Journalist at the center of Iran kidnapping plot only learned details overnight

Journalist at the center of Iran kidnapping plot only learned details overnight
Journalist at the center of Iran kidnapping plot only learned details overnight

The Iranian-American journalist at the center of an international kidnapping plot says she only learned the 'shocking' extent of the scheme last night when four men were charged and that she worked with the FBI to track down those responsible. 

Masih Alinejad, a journalist and human rights activist who has been a sharp critic of Iran, told CNN on Wednesday she had only discovered the details of the elaborate plan overnight despite the FBI telling her eight months ago she wasn't safe. 

The 44-year-old, who lives in Brooklyn, New York with her husband and son, said she spent three months living in different safe houses after the FBI told her she was being tracked by a US private investigator hired by Iranian intelligence operatives.

Prosecutors say the Iranians had a live feed of her home.

While in the safe houses, Alinejad said the FBI asked her to keep going live on Instagram to her five million followers without providing a location to see if the Iranian operatives could track her down. 

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'The FBI were trying to work out whether they would follow me and find me new place. And they did,' Alinejad said.  

Alinejad did not elaborate on who tracked her down in the safe house and the FBI have not commented.   

Masih Alinejad, a journalist and human rights activist who has been a sharp critic of Iran, told CNN on Wednesday she had only discovered the details of the elaborate plan overnight despite the FBI telling her eight months ago she wasn't safe

Masih Alinejad, a journalist and human rights activist who has been a sharp critic of Iran, told CNN on Wednesday she had only discovered the details of the elaborate plan overnight despite the FBI telling her eight months ago she wasn't safe

'It's unbelievable that in New York, the Islamic Republic were able to threaten and follow an Iranian-American citizen. Here, in the land of the United States of America. I was shocked.'

She said the revelation that an American investigator had been hired to track her gave her 'goosebumps'.

'They hired an American investigator. The guy didn't know anything. When I saw the photos I got goosebumps. I was shocked they were following me, filming me. They were following my friends,' the Voice of America producer said.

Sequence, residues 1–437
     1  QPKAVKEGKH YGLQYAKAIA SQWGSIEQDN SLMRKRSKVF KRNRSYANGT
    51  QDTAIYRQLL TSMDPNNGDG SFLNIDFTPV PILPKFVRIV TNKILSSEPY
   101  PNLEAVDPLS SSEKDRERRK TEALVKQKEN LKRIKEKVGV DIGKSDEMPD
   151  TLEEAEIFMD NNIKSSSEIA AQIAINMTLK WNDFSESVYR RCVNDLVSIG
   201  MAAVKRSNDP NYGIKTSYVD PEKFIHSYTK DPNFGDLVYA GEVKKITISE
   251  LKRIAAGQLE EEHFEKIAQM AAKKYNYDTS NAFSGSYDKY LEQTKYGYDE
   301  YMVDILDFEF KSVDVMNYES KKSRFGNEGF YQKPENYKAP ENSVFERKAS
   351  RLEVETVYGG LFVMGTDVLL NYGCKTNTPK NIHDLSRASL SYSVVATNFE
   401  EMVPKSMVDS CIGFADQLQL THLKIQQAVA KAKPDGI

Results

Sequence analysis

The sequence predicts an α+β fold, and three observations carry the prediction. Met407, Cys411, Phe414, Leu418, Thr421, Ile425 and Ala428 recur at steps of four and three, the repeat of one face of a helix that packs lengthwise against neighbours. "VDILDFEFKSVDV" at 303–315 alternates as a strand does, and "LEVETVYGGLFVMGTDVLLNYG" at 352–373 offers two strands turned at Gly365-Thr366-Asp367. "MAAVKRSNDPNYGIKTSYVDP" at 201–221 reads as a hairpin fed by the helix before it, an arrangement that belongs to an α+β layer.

When the FBI first approached her last year, Alinejad recalled telling them that she was used to receiving threats given she has been so outspoken about the Iranian government.

'I was like, you must be kidding me because I receive daily death threats, what's new? I'm here in America, they cannot do anything,' she said. 

Alinejad said she only took them seriously after seeing the surveillance images and realizing how close they had gotten to her. 

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She also slammed the Biden administration and urged them to take 'strong action' over the kidnapping plot. 

'When Jamal Khashoggi, the Saudi American journalist, got brutally murdered the whole world made statements of condemnation. I need the same because another regime in the Middle East tried to kidnap me.  

'The FBI did a great job but to be honest I'm a little bit disappointed with Biden's administration because I'm still waiting for them to take strong action.'  

Mahmoud Khazein - one of four Iranians charged in the kidnap plot

Omid Noori, another of the four plotters

Mahmoud Khazein (left) and Omid Noori (right) are among four Iranians charged in the kidnap plot

Kiya Sadeghi is accused of being an asset working for the Iranian spy chief

Alireza Shahvaroghi Farahani is described in charging documents as the ringleader in the plot

Kiya Sadeghi (left) is accused of being an asset working for the Iranian spy chief, Alireza Shahvaroghi Farahani (right)

Federal prosecutors revealed on Tuesday that they had charged four Iranians, alleged to be intelligence operatives for Tehran, over the plot to kidnap Alinejad.

The four spies were named in court documents as Alireza Shavaroghi Farahani, Mahmoud Khazein, Kiya Sadeghi and Omid Noori.

The four defendants all live in Iran, the prosecutors said, identifying one of them, Farahani, as an Iranian intelligence official and the three others as 'Iranian intelligence assets.' 

A fifth defendant, Niloufar Bahadorifar, accused of supporting the plot financially but not participating in the kidnapping conspiracy, was arrested in California. 

The New York-based journalist was not named by authorities as the victim. 

The conspirators had also plotted to kidnap a journalist in the UK and three other in Canada who had been critical of Iran, according to the indictment. 

Iran on Wednesday rejected the US claim of Tehran's involvement in the kidnapping plot as 'ridiculous and baseless', according to Iranian state TV. 

'This new claim by the U.S. government ... is so baseless and ridiculous that it is not really worth answering,' said Foreign Ministry spokesman Saeed Khatibzadeh. 

The US indictment says the men hired private investigators to monitor Alinejad and her family in New York by misrepresenting who they were.

They had claimed that she was a missing person from Dubai who had fled the country to avoid paying a debt, prosecutors said.   

Details of the elaborate plot included in the

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